Research Papers: Flows in Complex Systems

Pressure Drop in Generating Free-Surface Liquid Microjet Array From Short Cylindrical Orifices

[+] Author and Article Information
Avijit Bhunia

C. L. Chen

 Teledyne Scientific Company, 1049 Camino Dos Rios, Thousand Oaks, CA 91360

J. Fluids Eng 133(6), 061103 (Jun 15, 2011) (8 pages) doi:10.1115/1.4004085 History: Received August 10, 2010; Revised April 22, 2011; Published June 15, 2011; Online June 15, 2011

Liquid microjet arrays have received a lot of research attention in recent years due to its high heat flux cooling capability. The microjets are generated from a jet head cavity with a liquid inlet port on one wall and an array of micro-orifices on another wall. An important, yet relatively less studied aspect of the topic is the pressure (also frequently referred to as the pressure drop) necessary to generate the jets and maintain certain jet velocity. In this study we investigate the pressure drop for17 different array patterns of liquid jet issuing in a surrounding gas (air) medium, i.e., a free surface liquid jet. The number of jets varies from 1 to 126, while the jet diameter ranges from 99 to 208 μm. The current results show more than 200% deviation from the existing correlations in the literature. Through a systematic experimental study we identify the functional dependence of pressure drop on the various geometric parameters. The results uncover the reasons behind the widespread disagreement between the current data and the existing correlations. Pressure drop shows a weak, nonlinear dependence on the orifice wall thickness, compared to the linear dependence used in the existing correlations. Furthermore, the depth of the jet head cavity is shown to be an important parameter dictating pressure drop, unlike the previous studies that inherently assume the cavity to be an infinite reservoir. A new dimensionless pressure drop parameter is proposed and its variation with the jet Reynolds number is correlated. The new correlation predicts all the experimental data within a ± 10% range.

Copyright © 2011 by American Society of Mechanical Engineers
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Figure 1

Schematic of jet head cavity with liquid inlet port (tube of diameter Dt ) and orifice wall with micro-orifices, generating free surface liquid microjet array. Insets: Microscopic image of the orifice wall, and SEM image of a 100 μm diameter orifice.

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Figure 2

Dimensionless pressure drop (f) versus Reynolds number of individual jet (Rej ): Comparison of some of the present experimental data for various jet array configurations with the existing correlations in literature [1,11]. The geometric details of each jet pattern are listed in Table 1.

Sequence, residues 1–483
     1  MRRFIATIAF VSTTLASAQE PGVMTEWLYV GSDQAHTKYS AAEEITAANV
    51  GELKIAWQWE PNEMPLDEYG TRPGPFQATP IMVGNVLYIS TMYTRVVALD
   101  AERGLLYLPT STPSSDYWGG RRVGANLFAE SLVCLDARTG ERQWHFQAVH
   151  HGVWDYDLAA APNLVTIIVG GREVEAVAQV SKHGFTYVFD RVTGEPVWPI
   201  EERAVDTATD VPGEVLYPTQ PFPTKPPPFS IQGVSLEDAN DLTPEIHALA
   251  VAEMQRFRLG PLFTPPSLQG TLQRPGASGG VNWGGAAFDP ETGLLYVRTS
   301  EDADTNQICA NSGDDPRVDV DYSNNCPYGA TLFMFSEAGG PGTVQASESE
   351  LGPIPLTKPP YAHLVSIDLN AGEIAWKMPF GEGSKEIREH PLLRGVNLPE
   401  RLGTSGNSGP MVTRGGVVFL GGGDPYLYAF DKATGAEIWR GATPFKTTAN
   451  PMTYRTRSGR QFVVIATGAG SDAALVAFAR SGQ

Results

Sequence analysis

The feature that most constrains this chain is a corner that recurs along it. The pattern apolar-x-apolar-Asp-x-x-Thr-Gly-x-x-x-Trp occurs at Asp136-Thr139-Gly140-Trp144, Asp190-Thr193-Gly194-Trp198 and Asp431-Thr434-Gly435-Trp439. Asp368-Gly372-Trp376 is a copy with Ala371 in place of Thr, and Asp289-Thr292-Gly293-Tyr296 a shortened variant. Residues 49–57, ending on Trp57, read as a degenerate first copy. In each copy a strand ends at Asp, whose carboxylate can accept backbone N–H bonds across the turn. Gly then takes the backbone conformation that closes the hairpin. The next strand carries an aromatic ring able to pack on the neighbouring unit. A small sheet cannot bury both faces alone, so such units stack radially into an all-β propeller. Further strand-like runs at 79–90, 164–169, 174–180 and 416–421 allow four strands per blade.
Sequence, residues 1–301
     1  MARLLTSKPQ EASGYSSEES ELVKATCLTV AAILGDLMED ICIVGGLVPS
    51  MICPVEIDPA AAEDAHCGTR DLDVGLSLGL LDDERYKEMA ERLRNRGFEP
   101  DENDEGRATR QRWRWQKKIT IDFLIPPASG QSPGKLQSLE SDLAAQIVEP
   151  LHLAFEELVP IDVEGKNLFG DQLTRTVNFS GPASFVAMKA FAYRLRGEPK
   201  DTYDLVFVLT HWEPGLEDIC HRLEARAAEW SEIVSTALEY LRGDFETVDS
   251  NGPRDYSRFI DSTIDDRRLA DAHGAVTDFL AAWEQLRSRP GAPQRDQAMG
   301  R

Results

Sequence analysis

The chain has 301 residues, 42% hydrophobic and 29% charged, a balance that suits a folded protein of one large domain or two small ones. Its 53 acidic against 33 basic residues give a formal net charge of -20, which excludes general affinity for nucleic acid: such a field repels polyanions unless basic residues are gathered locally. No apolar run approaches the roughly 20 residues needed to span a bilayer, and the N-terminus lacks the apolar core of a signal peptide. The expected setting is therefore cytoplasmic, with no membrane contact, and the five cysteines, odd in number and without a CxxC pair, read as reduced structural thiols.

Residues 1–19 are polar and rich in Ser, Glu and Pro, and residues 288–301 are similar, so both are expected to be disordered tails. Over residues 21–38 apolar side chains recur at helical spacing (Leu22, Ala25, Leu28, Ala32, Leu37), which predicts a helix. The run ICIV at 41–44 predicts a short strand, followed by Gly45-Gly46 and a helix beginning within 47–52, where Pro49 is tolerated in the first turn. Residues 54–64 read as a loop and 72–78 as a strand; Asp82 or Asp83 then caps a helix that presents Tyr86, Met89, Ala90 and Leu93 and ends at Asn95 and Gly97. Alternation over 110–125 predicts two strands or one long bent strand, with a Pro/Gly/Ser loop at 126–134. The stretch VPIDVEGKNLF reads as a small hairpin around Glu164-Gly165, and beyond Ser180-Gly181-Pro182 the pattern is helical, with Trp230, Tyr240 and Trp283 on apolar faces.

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Figure 3

The effect of number of jets on pressure drop: Variation of dimensionless pressure drop (f) with individual jet Reynolds number (Rej ) for various number of jets (Nj ). Dimensionless orifice wall thickness (t/Dj ) held constant at 6.4. Data set 1: Dimensionless pitch (Pj /Dj ) and jet head cavity length (Ljh /Dt ) held constant at 22 and 2.4, respectively. Nj  = 21, 50, and 70 for patterns J, K, and F, respectively. Data set 2: Ljh /Dt  = 2.7. Pattern E—Nj  = 90, Pj /Dj  = 18, and pattern D—Nj  = 126, Pj /Dj  = 22.

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Figure 4

The effect of orifice wall thickness (t) on pressure drop (ΔP). (a) Variation of dimensionless pressure drop (f) with individual jet Reynolds number (Rej ) for various dimensionless orifice wall thickness (t/Dj ) conditions. Dimensionless jet head cavity length (Ljh /Dt ) fixed at 2.4 ± 0.03. Pattern A—12 jets, patterns G, B, I, J—21 jets. (b) Variation of f with (t/Dj ) for Rej  > 1200. The y axis is an average f value of the experimentally measured data for Rej  > 1200, termed the “Saturated regime.”

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Figure 5

Numerical simulation of a single jet. Geometric details: cavity size (Ajh ) = 0.01 m × 0.01 m, cavity depth (Ljh ) = 0.006 m, orifice diameter (Dj ) = 150 μm, orifice wall thickness (t/Dj ) = 2.4, and area contraction ratio αj  = 0.0177%, similar to the experimental condition. Jet Reynolds number (Rej ) = 1408. (a) Geometry of the simulation domain—one quarter of the jet head cavity, and the orifice tube; (b) flow pathlines from the jet head cavity into the orifice; (c) z velocity contours inside the orifice tube. Positive z velocity indicates a flow reversal, leading to formation of a recirculation cell.

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Figure 6

The effect of jet head cavity geometry, length (Ljh ), and area (Ajh ) on pressure drop (ΔP). (a) Variation of dimensionless pressure drop (f) with individual jet Reynolds number (Rej ) for various dimensionless cavity length (Ljh /Dt ) conditions. Data set 1: (Ajh /At ) varied between 5.5 in pattern N to 13.8 in pattern A. Orifice wall thickness (t/Dj ) and jet head cavity length (Ljh /Dt ) held constant at 2.6 and 2.4, respectively. Data set 2: Jet head cavity area (Ajh /At ) and orifice wall thickness (t/Dj ) held constant at 5.5 and 2.4, respectively, while jet head cavity depth (Ljh /Dt ) is varied among patterns M, O, and P. (b) Variation of f at the saturated region (Rej  > 1200) with dimensionless jet head cavity depth (Ljh /Dt ). (Ajh /At ) and (t/Dj ) constant at 5.5 and 2.4, respectively.

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Figure 7

Schematic of flow field inside the jet head cavity and close to the orifice inlet for a multijet array

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Figure 8

Proposed new dimensionless pressure drop parameter (Ω), and its variation with jet Reynolds number (Rej )



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